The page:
In the end, the Senate voted for the resolution early Thursday morning stripping fees, taxes, and subsidies relating to the ACA. Sen. Rand Paul (R-KY) was the lone Republican opponent of voting on a repeal bill before coming up with a replacement package. Democratic Sen. Dianne Feinstein (D-Calif.) was absent for the vote.

The reconciliation budget for 2017 sets levels of new budget authority, revenues, outlays and deficits for 10 years and projects Social Security funding also over 10 years. The bill directs certain Senate and House committees to each find at least $1 billion in cost cutting over 10 years and estimates the deficit to be over $1 trillion in 10 years as well. The bill largely retains parliamentary procedures such as dynamic scoring, a process under which The Congressional Budget Office (CBO) calculates the economic impact of bills out 40 years. The bill also shows Social Security in the black over the next 10 years. The House is poised to take up similar legislation.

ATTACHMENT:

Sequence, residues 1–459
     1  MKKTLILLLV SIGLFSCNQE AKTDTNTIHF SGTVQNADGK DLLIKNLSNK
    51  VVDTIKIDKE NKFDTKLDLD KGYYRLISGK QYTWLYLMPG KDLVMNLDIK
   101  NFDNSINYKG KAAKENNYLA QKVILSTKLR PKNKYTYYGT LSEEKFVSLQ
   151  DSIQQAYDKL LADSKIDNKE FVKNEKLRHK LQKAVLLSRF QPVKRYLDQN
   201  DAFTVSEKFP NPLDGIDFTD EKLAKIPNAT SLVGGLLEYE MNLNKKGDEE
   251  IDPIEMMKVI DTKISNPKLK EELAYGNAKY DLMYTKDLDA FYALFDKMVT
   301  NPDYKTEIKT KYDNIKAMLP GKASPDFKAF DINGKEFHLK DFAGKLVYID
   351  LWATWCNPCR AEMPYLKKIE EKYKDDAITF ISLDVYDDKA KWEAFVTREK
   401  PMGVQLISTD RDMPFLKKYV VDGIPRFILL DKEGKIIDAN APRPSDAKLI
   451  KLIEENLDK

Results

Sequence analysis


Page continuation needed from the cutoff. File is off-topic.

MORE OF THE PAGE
Lawmakers to Introduce Bills to Repeal Therapy Caps

Lawmakers in both Houses have indicated plans to sponsor legislation to repeal therapy caps. Rep. Erik Paulsen (R-Minn.) and Rep. Ron Kind (D-Wis.) will introduce legislation in the House and Senators Ben Cardin (D-Md.), Susan Collins (R-Maine), Bob Casey (D-Pa.), and Dean Heller (R-Nev.) will introduce the Senate version. Under the Balanced Budget Act (BBA) of 1997, Congress placed an annual cap on rehabilitation services under Medicare. Since enacting the BBA, Congress has acted several times to prevent implementation of a hard cap. BIAA has signed on to the Therapy Cap Coalition’s letter to Members in support of the legislation.